• 3. the last several decades Wallenius Lines has had its focus on transportation of new cars and other vehicles around the world. Wallenius invented special ships for this purpose. As a matter of fact, during the nineteen sixties the Swedish flag Wallenius ships took care of most of the increasing Japanese car export. Wallenius is still a very important player in export of Japanese vehicles. The main office is in Stockholm, in front of Södra Station. Much has been written about the scientific explorer Adolf Erik Nordenskiöld, and rightly so! But far less is written about the Vega captain or commander Louis Palander and his crewmembers, although the trip along the Northeast Passage first and foremost was a nautical exploit through unchartered icy waters. When Vega arrived at Yokohama on September 2nd 1879, almost exactly a year after parting from the escort ship Lena, Palander could go ashore and cable the very first sign of life to the outside world. In my opinion, most of the credit of the expedition should be given to the professional seafarers onboard. However, Vega wasn't the first Swedish vessel to call at a Japanese port. Most probably the steamer August Leffler became the very first one when she called at Yokohama back in 1873. The previous year she was the very first Swedish ship to pass through the Suez Canal, which was inaugurated in 1869. In 1791, a Russian expedition under the leadership of the FinlandSwede Adam Eriksson Laxman sailed to Nemuro in Ezo. (That is the northernmost main island, which was renamed Hokkaido after the restoration). On behalf of Russia, Laxman tried to establish trade relations with seclusive Japan, then under sakoku isolation since more than 150 years. It was to no avail, even if he was treated politely. It might be a bit far-fetched, but as a Finland-Swede, Laxman also belongs to the prolonged Japanese-Swedish mutual history. At the time, Finland was a part of Sweden.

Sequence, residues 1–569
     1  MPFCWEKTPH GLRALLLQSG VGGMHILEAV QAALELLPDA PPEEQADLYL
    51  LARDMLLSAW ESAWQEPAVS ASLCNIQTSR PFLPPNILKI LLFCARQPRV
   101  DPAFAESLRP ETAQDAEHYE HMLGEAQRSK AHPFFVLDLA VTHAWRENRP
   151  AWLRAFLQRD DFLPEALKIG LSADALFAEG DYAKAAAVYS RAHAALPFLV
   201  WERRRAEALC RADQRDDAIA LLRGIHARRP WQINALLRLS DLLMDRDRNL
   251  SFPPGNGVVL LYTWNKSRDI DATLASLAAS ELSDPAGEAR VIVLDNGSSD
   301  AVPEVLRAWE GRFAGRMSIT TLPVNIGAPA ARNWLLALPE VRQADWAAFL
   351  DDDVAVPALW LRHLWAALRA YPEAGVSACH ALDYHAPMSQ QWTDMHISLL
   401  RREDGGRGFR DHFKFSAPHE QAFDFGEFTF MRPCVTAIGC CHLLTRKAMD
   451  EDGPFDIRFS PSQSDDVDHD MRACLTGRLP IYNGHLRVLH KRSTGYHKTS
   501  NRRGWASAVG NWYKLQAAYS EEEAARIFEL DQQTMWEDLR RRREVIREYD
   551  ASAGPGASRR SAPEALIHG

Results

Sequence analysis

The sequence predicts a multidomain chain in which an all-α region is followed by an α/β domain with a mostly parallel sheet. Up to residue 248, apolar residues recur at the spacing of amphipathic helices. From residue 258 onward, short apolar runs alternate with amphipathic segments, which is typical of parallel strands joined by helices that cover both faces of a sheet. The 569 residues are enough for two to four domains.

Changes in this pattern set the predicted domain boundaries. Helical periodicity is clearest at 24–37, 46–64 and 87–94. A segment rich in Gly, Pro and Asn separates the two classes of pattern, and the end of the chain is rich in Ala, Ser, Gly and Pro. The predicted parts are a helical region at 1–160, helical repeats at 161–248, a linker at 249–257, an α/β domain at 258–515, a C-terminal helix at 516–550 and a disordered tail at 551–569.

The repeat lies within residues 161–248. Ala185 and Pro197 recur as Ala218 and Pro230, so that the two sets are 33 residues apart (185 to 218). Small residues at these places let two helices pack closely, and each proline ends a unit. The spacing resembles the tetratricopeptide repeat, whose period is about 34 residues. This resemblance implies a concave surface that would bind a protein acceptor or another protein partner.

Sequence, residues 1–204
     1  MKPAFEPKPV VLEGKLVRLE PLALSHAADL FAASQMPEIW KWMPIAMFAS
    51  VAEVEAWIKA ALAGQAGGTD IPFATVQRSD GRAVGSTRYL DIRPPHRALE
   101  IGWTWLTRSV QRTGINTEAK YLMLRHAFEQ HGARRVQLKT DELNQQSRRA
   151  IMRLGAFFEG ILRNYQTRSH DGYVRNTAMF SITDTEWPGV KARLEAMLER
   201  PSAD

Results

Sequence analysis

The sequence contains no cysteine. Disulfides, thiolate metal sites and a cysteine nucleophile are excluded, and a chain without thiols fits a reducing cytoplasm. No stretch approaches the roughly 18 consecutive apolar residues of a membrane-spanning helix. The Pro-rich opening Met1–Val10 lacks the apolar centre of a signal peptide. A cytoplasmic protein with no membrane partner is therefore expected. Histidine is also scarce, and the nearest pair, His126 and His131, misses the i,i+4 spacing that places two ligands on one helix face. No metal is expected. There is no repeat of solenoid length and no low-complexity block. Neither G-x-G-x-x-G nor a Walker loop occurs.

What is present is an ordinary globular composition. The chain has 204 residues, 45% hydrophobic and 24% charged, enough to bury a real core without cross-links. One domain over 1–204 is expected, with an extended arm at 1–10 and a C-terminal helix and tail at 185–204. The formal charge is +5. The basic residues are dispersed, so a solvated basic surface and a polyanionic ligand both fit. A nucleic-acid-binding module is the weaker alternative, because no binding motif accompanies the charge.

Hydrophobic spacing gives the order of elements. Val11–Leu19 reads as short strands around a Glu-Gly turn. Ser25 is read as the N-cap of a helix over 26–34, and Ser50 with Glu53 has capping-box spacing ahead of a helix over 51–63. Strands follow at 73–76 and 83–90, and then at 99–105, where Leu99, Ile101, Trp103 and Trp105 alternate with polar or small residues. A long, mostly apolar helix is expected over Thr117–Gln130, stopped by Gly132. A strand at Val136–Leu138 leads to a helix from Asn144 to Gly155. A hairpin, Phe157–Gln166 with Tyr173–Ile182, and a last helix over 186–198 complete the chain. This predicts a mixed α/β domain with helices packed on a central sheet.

• 4. Translated to English, the title of a book on the Swedish nobleman Frederick Coyet is "The first Swede in Japan". But it's not true. He arrived at Deshima in Nagasaki on November 4th 1647 as a colonial official in service for the Dutch. Already on August 8th 1647, the Swedish seafarer Johan Olofsson Berg arrived at Deshima with another Dutch East India Company ship. Little is known about his stay in Japan, but he deserves the credit of being the very first Swede known to have visited Japan. The reason for the inaccuracy might be a traditional Swedish disregard for seafarers. As compared to our very sea minded Norwegian neighbors, we were a quite rustic people. Later on Berg was raised to the nobility with the name Bergenstierna, due to his exploits in several naval battles back home. Other early Swedish visitors in Japan were Anders Toresson, Nils Mattsson Kiöping, and Olof Eriksson Willman. Perhaps also an elusive person named Peter Salan, who is said to have been exiled from Sweden for some offence. Like Berg, they were all seafarers sailing for the Dutch East India Company. Two Stockholmers, Johan Schedler and Aegidius Hartman, are also said to have visited Japan around 1650. But for the time being I don't know anything about them. Most renown of them all is the Linnaeus disciple Carl Peter Thunberg, Tsunberugu-sensei - sometimes called "the Linnaeus of Japan". He came to Japan in August 1775, as the ship's surgeon of a Dutch East Indiaman. Thunberg made a heroic achievement under extreme conditions. During his trip to Edo in 1776, the Japanese guards were quite annoyed by his reiterated "make water" breaks. Actually, he just wanted to study the vegetation of the neighborhood. During his lifetime, the Swedish East India Company was a success story. But the focus of the Swedes was on China. Japan was still closed for the outside world, with the exception of a limited number of Dutch and Chinese traders - and a few Swedes who, like Thunberg, pretended to be Dutch.